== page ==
AI Executive Committee member Joe Joffe tells you what you need to know in the Wall Street Journal:
The deeper meaning of this strange election, triumphal as it was for the once and future chancellor, is of a watershed in postwar German history. For the first time since 1949, the liberals—the Free Democratic Party—will not be represented in the Bundestag, having failed to clear the 5% hurdle. Not to put too fine a point on it, the ejection of the FDP (which fell from a 15% showing in 2009) leaves Germany with a parliament of Tweedledums and Tweedledees. Gone is the one and only party that is supposed to stand for free-market economics, low taxes and small government.Germans are left with four parties in power that range from pale-pink (the Christian Democrats) to the reddish (the Social Democrats and Greens) to the deep-red (Die Linke). They all—even the Christian Democrats—add up to a wall-to-wall social-democratic consensus. The hallmark of this consensus is an all-providing state that taxes, spends and regulates.The differences between these parties are not about principles, but about numbers: how much child support, how high the minimum wage, how many taxes, how much redistribution? In other words, Europe’s richest and most successful country has opted for a kind of gilded status quo. The unspoken message is: Spare me the risk, toil and trouble, never mind rampant technological change and the chaos just beyond Europe’s borders.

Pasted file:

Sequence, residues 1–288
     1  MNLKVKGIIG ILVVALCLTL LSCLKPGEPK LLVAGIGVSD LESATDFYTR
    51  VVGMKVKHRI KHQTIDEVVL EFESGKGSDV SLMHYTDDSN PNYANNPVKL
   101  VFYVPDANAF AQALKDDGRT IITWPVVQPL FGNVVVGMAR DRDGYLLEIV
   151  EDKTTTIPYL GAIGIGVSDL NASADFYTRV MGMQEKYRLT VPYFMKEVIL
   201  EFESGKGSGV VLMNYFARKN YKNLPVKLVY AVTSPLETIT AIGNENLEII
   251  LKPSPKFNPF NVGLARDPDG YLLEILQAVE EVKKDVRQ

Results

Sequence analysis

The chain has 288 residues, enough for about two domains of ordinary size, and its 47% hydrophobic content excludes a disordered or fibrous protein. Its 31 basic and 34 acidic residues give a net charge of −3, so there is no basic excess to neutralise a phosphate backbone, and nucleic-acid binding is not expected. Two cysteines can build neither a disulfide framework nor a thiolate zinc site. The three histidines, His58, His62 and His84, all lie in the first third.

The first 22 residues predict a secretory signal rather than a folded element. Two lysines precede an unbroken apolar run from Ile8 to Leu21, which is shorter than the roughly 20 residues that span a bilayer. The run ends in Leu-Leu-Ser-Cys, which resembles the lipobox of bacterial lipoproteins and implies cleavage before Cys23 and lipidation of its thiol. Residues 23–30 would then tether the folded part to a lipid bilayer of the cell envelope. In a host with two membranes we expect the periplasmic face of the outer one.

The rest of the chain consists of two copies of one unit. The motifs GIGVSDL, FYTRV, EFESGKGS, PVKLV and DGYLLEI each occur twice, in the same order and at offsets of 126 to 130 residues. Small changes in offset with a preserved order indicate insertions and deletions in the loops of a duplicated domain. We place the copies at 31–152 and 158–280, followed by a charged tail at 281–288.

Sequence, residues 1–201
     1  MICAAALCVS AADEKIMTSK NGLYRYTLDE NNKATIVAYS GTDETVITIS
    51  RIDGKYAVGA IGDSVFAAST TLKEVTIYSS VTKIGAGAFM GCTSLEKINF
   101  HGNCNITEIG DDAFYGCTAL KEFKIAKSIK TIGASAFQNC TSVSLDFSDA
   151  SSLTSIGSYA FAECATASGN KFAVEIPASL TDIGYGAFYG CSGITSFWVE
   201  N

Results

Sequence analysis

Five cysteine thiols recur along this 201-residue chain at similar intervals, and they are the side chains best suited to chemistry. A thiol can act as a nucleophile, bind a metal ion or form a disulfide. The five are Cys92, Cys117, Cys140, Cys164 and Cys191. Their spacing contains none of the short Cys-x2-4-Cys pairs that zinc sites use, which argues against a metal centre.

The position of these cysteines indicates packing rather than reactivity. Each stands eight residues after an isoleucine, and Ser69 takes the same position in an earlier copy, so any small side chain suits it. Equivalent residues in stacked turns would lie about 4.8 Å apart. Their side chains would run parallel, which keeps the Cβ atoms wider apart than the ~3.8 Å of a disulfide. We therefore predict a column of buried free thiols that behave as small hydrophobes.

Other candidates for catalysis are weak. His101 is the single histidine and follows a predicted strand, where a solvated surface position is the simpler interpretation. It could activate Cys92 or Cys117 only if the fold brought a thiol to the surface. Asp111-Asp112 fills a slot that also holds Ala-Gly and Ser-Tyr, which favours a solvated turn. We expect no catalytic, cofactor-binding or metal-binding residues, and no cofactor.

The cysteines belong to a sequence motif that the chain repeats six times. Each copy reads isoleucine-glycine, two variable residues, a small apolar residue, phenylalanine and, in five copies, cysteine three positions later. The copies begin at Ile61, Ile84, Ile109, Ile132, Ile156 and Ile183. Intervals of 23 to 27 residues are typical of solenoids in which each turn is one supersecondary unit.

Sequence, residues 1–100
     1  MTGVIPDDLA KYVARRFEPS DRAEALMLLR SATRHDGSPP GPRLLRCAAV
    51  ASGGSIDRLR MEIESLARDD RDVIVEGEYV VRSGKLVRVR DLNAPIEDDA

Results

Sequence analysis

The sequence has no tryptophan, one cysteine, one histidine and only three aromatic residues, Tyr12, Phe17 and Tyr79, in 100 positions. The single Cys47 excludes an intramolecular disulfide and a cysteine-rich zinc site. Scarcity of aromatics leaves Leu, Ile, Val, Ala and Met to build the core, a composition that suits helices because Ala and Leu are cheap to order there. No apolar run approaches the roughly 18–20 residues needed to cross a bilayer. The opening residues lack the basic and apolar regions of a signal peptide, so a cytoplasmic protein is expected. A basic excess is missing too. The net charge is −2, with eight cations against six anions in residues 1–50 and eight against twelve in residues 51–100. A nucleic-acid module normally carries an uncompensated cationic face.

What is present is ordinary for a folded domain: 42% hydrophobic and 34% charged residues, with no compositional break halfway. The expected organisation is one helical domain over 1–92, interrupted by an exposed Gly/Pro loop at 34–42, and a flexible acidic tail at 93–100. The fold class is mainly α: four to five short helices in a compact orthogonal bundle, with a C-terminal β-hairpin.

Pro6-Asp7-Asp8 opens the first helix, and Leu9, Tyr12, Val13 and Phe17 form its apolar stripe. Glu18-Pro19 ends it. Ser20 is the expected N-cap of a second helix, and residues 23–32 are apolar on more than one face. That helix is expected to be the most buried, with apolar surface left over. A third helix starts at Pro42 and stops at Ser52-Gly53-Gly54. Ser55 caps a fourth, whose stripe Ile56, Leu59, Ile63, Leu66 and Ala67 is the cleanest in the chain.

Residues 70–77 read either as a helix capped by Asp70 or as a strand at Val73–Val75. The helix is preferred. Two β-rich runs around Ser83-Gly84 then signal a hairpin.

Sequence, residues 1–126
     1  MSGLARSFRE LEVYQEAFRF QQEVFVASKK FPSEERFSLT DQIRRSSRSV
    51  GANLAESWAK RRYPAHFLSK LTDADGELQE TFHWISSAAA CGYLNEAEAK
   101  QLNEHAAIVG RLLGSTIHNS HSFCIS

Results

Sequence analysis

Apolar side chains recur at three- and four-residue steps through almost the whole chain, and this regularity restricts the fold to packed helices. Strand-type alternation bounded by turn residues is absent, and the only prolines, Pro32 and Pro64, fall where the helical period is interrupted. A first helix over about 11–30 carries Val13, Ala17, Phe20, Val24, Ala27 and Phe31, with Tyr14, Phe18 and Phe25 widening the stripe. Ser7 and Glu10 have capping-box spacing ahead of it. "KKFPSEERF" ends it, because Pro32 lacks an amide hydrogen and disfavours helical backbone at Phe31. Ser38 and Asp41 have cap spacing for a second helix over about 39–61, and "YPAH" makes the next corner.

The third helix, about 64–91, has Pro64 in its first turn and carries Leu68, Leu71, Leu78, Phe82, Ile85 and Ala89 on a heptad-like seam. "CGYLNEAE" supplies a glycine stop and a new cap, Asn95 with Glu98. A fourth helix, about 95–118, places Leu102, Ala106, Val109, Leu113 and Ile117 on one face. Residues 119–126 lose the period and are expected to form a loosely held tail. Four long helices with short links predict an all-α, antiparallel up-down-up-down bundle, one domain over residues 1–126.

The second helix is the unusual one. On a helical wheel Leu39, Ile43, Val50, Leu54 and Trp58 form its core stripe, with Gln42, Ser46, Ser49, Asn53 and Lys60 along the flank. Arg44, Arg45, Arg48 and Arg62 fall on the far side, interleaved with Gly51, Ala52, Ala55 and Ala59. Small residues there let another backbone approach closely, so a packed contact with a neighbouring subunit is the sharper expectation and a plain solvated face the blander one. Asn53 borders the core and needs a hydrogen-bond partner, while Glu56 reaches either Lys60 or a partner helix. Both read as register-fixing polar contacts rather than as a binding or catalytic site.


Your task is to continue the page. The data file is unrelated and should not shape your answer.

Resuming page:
If you’re a EU politics junkie, and you’re interested in what Angela Merkel’s options are in forming governing coalitions, Joffe also has you covered. But Joe’s bigger point, about Germany’s current preference for regulated stability over the disruptive forces of markets, is the important take-away. Read the whole thing.[Angela Merkel image courtesy of Wikimedia Commons]